"We have found several mutations that help with research into meiosis and the control of sperm cell division," Handel says. "What determines that it's time to start? What are the checkpoints if it goes wrong? Finding answers will help us move forward."
Professor John Eppig, Ph.D., focuses on the development of oocytes, which mature into egg cells. He has learned a lot about the complicated give-and-take signaling that occurs between oocytes and the cells of the ovarian follicle in which they develop, essential to the development of healthy eggs.
The discoveries have led to some breakthrough experiments. Eppig was the first to culture an oocyte from the later stages of development through to fertilization in the 1980s. Then he performed a feat that garnered widespread attention: he cultured all stages of egg development—from early precursor cell through fertilization—to produce a mouse (named "Eggbert") in the 1990s.
Eggbert was, notes The Scientist's 2005 profile of Eppig, a "huge achievement." It showed what oocytes need, as well as what they don't need, to develop into viable eggs. The understanding is crucial for improving medical options for infertile women, and it also provides the foundation for better methods of contraception.
Today, Eppig continues to investigate how oocytes develop within the body. In time he seeks to explain another tantalizing mystery—how are oocytes held in limbo, for decades in the case of humans, awaiting the final stages of development leading to mature eggs and ovulation?
Super-cooling embryos, eggs and now sperm to -196 degrees Celsius in liquid nitrogen effectively suspends them through time, with no ill effects when they are brought back out of the cryopreservation tanks. Tens of thousands of children and countless animals have been born of frozen embryos, and Laboratory researchers have long been leaders in making cryopreservation more practical and more effective.
The Laboratory's Larry Mobraaten, Ph.D., first established the Frozen Embryo Repository (now known as the Cryopreservation Resource) in 1979. All of the Laboratory's valuable mouse strains are cryopreserved now, both for efficiency and to ensure a secure archive. But at first the value of such a resource was not widely perceived.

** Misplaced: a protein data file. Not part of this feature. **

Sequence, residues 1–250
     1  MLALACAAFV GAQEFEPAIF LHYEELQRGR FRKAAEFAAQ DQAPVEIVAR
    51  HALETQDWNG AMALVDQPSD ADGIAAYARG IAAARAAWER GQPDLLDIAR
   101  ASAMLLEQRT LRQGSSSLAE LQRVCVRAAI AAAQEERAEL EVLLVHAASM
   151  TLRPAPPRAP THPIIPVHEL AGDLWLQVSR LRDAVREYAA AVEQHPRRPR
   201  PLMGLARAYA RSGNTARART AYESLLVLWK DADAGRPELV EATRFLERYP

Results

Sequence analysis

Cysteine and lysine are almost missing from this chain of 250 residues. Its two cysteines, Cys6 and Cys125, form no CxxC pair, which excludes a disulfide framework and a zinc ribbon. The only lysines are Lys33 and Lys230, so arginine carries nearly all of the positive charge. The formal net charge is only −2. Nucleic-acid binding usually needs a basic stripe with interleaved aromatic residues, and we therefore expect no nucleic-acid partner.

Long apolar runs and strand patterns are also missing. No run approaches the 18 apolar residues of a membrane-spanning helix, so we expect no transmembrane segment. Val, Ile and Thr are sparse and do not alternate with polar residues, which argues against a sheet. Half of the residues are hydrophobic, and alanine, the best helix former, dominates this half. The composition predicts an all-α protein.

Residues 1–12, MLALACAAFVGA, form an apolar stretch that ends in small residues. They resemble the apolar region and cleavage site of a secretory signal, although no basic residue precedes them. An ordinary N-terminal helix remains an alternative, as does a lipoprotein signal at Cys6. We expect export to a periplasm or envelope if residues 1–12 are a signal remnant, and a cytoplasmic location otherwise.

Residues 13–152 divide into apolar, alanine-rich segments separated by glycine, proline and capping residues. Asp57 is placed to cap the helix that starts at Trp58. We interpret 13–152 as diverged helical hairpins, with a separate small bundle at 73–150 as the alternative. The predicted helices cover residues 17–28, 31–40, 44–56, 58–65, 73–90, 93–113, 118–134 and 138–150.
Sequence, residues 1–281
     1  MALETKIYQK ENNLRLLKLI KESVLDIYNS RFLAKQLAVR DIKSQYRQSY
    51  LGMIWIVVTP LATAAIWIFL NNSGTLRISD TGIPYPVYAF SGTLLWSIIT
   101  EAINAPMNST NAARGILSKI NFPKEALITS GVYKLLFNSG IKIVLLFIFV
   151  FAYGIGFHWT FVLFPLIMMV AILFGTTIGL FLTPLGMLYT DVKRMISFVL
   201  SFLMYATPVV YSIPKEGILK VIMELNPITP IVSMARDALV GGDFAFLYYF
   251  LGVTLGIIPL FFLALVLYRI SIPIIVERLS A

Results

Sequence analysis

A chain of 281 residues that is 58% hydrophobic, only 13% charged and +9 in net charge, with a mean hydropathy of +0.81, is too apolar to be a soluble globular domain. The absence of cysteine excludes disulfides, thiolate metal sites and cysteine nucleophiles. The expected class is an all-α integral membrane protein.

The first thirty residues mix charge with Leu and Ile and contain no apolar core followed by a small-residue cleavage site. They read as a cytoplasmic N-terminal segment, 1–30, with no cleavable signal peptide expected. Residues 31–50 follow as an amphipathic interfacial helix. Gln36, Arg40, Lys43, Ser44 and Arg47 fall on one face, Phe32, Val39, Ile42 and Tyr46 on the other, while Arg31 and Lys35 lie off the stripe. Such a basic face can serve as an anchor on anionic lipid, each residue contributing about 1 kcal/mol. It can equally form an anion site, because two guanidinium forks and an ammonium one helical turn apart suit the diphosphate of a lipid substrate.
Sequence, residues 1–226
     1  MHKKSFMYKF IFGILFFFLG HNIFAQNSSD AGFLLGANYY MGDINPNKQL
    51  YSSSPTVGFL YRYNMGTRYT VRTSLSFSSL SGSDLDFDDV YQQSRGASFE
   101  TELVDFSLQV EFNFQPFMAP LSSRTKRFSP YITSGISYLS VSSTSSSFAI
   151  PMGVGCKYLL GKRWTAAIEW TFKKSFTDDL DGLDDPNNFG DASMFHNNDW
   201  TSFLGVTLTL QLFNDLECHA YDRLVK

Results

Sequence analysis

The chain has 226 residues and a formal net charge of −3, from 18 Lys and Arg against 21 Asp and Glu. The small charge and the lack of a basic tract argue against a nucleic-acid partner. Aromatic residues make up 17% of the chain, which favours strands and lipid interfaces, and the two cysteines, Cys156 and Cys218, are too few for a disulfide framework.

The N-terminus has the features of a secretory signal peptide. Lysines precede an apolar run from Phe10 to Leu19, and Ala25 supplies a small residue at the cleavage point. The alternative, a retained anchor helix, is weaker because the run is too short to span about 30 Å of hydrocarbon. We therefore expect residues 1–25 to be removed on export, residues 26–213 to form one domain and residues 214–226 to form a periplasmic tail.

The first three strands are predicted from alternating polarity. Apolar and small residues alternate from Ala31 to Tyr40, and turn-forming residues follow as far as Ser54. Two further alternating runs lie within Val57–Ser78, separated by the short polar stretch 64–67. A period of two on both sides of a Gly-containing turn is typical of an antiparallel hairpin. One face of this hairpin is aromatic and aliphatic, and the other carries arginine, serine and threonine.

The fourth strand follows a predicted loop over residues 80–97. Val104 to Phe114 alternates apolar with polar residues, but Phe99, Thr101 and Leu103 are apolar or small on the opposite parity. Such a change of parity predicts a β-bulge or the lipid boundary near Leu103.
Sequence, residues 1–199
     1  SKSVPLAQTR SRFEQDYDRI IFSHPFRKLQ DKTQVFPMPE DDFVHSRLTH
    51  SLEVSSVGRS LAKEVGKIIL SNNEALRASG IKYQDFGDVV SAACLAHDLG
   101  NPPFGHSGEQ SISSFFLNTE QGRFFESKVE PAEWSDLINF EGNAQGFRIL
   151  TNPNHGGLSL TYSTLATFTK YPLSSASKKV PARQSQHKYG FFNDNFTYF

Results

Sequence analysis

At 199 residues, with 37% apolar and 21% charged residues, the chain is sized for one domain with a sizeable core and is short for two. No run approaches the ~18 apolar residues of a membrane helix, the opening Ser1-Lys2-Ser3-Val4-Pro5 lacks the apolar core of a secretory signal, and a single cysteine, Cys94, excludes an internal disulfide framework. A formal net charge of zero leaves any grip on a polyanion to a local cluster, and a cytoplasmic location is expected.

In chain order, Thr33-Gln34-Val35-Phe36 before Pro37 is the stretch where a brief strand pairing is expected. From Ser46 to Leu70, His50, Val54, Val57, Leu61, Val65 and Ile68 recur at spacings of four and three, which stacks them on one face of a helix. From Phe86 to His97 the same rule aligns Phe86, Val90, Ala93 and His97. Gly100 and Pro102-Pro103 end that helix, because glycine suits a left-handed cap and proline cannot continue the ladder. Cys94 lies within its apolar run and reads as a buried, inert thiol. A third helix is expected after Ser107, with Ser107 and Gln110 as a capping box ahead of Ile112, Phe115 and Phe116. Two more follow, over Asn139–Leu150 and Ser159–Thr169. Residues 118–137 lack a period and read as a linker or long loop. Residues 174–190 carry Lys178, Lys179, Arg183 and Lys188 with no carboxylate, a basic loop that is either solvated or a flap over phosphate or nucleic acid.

"The first NIH grant I applied for was rejected, like all first grants are," remembers Mobraaten. "I called the project officer at NIH to get more information so I could try to revise it. He just laughed, and I asked him what was wrong. He said, 'Don't you know, we're trying to get rid of all those damn mice!'"
Eventually the idea caught on, however, and in 2012 the Laboratory celebrated the 25th year of its cryopreservation course, through which it teaches other researchers its latest techniques. Progress within the overall cryopreservation program continues under the leadership of Rob Taft, Ph.D., and Michael Wiles, Ph.D., with the latest breakthrough a practical way to cryopreserve, thaw and activate sperm. The process is useful for assisted reproduction, and the work also provides important information about what a sperm needs to be able to fertilize an egg.
The excellent work in the field being done at the Laboratory now is built upon a formidable reproductive and developmental biology legacy. But in the early days the work was anything but straightforward. Eppig
recalls that when he arrived at the Laboratory in the late 1970s, he entered a rather strange world. "The work being done at the Lab was fantastic, but what characters!" exclaims Eppig. "Wes Whitten, Leroy Stevens, Peter Hoppe—they were obsessive, almost paranoid about parts of their research."